The Government is to wait until there is clarity on the use of the single-shot Johnson & Johnson vaccine before deciding whether to further increase the gap between doses of other Covid-19 vaccines, Ministers have been told.
European regulators are due to publish a position on the single-shot J&J vaccine later this week, which could have a significant impact on the Irish vaccination programme.
In a note sent to Ministers on Monday afternoon, the Department of Health noted that the European Medicines Agency was likely to make its assessment of potential clotting issues linked to the vaccine later this week.
"Subsequent to the EMA's statement, the implications, if any, for the vaccination programme in Ireland will be considered in the first instance," the note reads. "Thereafter, if deemed appropriate, further consideration may be given to the adjustment of doing intervals for mRNA vaccines."
Minister for Health Stephen Donnelly has asked for advice on whether the gap between shots of the Pfizer and Moderna vaccines could be extended beyond the recommended four weeks in a bid to cover more people with a single shot protection more quickly. However, acting chief medical officer Dr Ronan Glynn said there was no point in updating advice until the EMA advises on the use of the Johnson & Johnson vaccine later this week.
The agency has been considering the use of the vaccine after a small number of cases of very rare blood clots was reported in the US.
Nphet will issue advice when the EMA has reported and its recommendation is incorporated into the Irish vaccine rollout, Dr Glynn said.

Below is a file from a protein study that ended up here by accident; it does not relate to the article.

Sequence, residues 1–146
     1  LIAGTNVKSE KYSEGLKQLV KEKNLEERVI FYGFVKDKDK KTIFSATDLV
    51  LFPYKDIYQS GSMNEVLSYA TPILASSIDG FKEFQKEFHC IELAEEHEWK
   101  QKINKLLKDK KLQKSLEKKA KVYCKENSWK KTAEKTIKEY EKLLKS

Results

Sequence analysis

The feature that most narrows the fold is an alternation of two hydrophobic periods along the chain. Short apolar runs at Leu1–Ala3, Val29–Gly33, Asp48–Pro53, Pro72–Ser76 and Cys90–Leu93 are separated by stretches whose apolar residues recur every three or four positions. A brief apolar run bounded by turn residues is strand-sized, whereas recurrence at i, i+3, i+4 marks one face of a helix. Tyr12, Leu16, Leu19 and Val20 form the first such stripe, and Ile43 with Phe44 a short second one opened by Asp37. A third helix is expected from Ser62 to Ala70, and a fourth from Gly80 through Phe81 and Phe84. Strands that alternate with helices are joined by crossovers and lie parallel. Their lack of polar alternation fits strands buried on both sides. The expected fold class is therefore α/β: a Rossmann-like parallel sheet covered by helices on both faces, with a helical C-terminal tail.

“We need to wait to see what the EMA say on that, decide what our approach to that vaccine [J&J] will be in this country, incorporate that into our planning for the rollout of the vaccination programme more broadly and then decide over and above that if there’s a need to extend out the dosing interval for the mRNA vaccines”.
Extending the interval between doses would mean the rollout takes longer to complete and more people would be waiting longer for full protection, he pointed out.
The ongoing improvement in Covid-19 figures continues, according to Dr Glynn.
Case numbers fell last week by 7 per cent, on top of a 22 per cent fall the previous week.
The improvements are being seen across all age groups, he said.
Nphet reported no further deaths of Covid-19 patients, and an additional 403 cases on Monday.
Up to Saturday, 1,204,063 doses of vaccine had been administered; 852,189 first doses and 351,874 second doses.
Of the new Covid-19 cases, 174 are in Dublin, 34 in Meath, 20 in Kildare, 18 in Mayo, 16 in Cork, with the remaining 141 cases spread across 20 other counties.
The 14-day incidence of the disease now stands at 115 cases per 100,000 people nationally. Donegal has the highest county incidence, followed by Kildare. Kilkenny has the lowest incidence
The median age of cases is 31 years and 73 per cent are under 45.
On Monday morning, 183 Covid-19 patients were in hospital, including 50 in ICU. There were seven additional hospitalisations in the previous 24 hours.